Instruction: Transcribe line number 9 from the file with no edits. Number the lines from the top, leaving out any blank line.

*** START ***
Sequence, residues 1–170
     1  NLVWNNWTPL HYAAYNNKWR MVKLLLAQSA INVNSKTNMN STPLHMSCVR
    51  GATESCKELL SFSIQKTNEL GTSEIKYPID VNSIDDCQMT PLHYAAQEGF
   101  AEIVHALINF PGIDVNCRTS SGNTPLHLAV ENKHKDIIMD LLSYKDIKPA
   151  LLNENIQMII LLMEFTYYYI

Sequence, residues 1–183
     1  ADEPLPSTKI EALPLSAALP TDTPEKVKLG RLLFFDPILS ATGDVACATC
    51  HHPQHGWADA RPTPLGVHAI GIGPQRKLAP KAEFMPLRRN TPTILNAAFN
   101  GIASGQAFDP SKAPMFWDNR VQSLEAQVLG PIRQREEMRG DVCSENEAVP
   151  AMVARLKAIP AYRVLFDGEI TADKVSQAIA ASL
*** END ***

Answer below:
   101  GIASGQAFDP SKAPMFWDNR VQSLEAQVLG PIRQREEMRG DVCSENEAVP